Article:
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Why are big energy users like Google and Walmart heading to Oklahoma?

Why-are-big-energy-users-like-Google-and-Walmart-heading-to-Oklahoma

Google and Walmart are the two most recent examples of how big energy users can void the lack of market demand for clean energy sources. With both companies choosing to support their ambitious sustainability goals through updates at data and production facilities in Oklahoma; these giant energy users are leveraging the opportunities that come with renewable energy use.

Read more of our news content, here: Walmart and ENGIE partner for three new wind projects

Google’s case

In this sense, Google recently announced it wants to reach 24/7 use of clean energy by 2030 at every one of its offices and data centers. Accordingly, the company engaged in a series of renewable energy contracts; thus, matching its annual electricity use with renewable energy purchases like wind and solar.

Maud Texier, head of energy development for Google’s data centers, commented in this regard; “It’s a real opportunity for us to work with utilities because now, on one side; Google has an incentive to support those new technologies to be deployed on the grid by paying for the electricity coming from it.”

Nevertheless, a significant problem that arises with a more intensive clean energy consumption is that sometimes the wind doesn’t blow, and the sun doesn’t shine. Thus, there are hours during the day when Google’s server farms must use carbon-based energy to remain online.

However, as significant energy users put that clean capacity on the grid; there’s another benefit most of the time for the grid operator and the other users.

For instance, the company’s earlier efforts to secure more renewable energy helped boost the demand needed to expand the use of wind and solar power, Texier said.

Moreover, Texier noted that Google’s goal is in line with the Biden administration’s own clean energy mandate. The current US administration plans that by 2030, the country’s power grid will get 80% of its electricity from emission-free sources.

Walmart on switching to clean energy sources for consumption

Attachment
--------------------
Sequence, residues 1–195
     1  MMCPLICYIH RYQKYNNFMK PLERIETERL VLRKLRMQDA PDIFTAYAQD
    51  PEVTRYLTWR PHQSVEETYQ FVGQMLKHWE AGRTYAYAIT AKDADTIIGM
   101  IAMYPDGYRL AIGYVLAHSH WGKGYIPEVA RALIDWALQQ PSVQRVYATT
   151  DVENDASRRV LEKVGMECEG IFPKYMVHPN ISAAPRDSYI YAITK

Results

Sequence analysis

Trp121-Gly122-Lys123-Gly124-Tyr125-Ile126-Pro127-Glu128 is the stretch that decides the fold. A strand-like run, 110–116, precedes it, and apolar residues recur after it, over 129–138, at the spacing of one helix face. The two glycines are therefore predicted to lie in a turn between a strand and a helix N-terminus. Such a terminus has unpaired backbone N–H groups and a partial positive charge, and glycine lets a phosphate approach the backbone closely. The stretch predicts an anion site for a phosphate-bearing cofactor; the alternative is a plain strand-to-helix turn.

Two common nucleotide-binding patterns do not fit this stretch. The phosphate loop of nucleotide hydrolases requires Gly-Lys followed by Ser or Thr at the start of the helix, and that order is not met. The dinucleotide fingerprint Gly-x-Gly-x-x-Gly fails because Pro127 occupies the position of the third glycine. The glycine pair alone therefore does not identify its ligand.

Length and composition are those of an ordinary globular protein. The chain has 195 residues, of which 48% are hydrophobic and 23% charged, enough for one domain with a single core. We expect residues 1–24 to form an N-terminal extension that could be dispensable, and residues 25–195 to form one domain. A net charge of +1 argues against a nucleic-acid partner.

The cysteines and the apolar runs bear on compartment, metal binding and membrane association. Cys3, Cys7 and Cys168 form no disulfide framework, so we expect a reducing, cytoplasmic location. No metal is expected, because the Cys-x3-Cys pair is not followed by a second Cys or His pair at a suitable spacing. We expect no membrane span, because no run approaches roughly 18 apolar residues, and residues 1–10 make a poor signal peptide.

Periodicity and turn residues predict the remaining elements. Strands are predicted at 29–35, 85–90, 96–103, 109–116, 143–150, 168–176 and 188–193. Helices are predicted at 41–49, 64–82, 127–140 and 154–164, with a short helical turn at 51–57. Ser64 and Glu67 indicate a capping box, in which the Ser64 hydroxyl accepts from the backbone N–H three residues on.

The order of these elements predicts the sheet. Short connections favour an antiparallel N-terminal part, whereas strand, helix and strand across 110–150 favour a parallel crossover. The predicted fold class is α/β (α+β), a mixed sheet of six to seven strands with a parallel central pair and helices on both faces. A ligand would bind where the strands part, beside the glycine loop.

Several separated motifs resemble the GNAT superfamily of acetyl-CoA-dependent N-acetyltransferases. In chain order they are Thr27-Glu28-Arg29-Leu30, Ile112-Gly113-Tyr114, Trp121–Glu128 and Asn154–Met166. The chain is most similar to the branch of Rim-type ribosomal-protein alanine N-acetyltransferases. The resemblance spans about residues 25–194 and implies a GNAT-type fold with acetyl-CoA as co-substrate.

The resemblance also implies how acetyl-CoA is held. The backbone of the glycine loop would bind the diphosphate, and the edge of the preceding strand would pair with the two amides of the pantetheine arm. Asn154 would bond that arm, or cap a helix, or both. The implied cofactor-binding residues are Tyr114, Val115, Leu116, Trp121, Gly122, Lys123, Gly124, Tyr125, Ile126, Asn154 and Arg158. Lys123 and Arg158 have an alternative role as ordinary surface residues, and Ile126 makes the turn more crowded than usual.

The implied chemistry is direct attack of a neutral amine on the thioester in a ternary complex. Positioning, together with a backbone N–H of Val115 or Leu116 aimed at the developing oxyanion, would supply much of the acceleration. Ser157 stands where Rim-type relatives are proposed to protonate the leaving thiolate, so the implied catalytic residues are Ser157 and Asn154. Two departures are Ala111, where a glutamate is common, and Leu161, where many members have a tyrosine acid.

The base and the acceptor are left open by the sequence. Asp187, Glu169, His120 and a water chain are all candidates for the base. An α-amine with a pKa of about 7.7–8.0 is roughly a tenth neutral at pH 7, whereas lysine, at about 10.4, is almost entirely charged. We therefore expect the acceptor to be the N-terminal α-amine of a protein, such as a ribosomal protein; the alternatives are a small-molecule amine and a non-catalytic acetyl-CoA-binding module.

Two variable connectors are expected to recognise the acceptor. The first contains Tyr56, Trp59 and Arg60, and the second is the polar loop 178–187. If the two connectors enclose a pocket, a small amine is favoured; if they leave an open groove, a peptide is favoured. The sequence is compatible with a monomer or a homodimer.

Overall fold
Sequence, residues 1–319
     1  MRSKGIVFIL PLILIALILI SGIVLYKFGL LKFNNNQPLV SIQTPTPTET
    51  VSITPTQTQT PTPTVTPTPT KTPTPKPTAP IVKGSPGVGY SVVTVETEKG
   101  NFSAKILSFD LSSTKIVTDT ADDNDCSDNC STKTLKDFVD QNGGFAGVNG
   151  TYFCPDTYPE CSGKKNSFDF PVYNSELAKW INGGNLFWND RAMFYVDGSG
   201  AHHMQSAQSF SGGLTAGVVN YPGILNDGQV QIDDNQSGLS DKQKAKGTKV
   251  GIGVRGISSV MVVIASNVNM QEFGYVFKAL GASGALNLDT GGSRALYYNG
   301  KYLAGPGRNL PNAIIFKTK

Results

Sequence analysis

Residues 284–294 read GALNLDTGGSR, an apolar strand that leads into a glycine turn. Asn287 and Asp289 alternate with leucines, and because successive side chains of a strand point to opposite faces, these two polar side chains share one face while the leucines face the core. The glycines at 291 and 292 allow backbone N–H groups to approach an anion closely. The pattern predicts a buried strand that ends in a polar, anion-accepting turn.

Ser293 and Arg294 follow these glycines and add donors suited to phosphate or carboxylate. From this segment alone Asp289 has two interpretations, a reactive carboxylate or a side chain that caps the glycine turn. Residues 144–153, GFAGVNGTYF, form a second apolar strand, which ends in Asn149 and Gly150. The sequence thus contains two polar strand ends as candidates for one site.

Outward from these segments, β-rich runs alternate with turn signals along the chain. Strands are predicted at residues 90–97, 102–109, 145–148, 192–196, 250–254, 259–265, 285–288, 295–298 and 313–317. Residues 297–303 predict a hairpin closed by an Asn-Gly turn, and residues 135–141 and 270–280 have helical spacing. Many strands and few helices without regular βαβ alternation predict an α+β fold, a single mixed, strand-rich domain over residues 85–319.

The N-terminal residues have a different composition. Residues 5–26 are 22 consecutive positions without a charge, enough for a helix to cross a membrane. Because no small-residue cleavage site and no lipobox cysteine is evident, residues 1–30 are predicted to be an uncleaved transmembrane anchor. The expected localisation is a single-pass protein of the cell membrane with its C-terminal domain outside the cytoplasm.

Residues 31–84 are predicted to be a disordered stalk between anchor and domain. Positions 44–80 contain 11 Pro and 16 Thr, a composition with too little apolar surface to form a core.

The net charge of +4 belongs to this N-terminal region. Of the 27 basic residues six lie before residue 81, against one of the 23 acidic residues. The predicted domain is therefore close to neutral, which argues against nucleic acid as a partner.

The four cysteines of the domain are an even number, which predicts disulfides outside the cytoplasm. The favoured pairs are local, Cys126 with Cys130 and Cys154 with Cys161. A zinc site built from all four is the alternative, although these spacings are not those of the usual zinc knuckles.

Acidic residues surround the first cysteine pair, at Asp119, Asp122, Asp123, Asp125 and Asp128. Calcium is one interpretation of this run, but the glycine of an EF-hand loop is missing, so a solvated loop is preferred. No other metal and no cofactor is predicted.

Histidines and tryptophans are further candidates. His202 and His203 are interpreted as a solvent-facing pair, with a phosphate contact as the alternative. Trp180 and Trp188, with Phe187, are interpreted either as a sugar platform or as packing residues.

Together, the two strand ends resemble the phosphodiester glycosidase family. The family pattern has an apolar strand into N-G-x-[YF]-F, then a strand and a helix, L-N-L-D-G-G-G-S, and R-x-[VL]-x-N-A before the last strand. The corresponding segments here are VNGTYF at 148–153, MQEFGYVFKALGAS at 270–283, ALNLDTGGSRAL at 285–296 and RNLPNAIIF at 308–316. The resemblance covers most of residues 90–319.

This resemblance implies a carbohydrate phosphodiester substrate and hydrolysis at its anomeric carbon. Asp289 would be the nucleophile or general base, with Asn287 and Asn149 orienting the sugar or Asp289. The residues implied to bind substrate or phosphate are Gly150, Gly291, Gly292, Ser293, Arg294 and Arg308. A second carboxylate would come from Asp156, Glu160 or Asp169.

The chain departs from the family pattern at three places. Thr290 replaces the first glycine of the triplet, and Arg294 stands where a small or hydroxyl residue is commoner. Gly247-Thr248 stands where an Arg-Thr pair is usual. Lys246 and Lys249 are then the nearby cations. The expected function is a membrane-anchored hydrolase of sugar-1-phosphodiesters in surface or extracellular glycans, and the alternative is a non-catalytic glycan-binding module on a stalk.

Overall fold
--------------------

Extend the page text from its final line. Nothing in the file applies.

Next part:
Another example in this regard is Walmart which announced it wants 100% of its power to come from renewable sources by 2035. Accordingly, the retailer secured more than 500 megawatts of new renewable energy generation capacity across three separate wind projects.

Walmart expects those projects to supply renewable energy annually to hundreds of its stores, clubs, and distribution centers. In fact, those centers are located in Texas, South Dakota, and Oklahoma. According to the company, the future installed capacity will be enough renewable to power more than 240,000 average American homes for an entire year.

Likewise, Google upgraded its near Pryor data center in northeastern Oklahoma in 2017 through a contract with the Grand River Dam Authority. Thus, the tech giant agreed to purchase 140 megawatts of wind power.

Why Oklahoma?

Oklahoma is abundant in wind energy resources; then, the data center in Pryor has nearly reached the company’s ultimate goal. For instance, Google announced last week that five of its data center sites, including Oklahoma; are now operating at or near 90% carbon-free energy.

Nevertheless, these big users acknowledge that just purchasing and powering their operations through cleaner resources isn’t enough. “Wind and solar are part of the solution, but we need more technologies to get there,” Texier said.

Thus, companies must look after different energy efficiency and storage solutions. For instance, large batteries could be used to store excess energy during the day. Then, when wind and solar energy are at their lowest output in the night; the batteries could discharge enough power to keep the servers running.

Finally, “another alternative is to find new ways of generating clean energy in the first place,” she said. Thus, companies can note the potential for geothermal, hydroelectric, nuclear power, or even technologies that exist beyond what’s available today.

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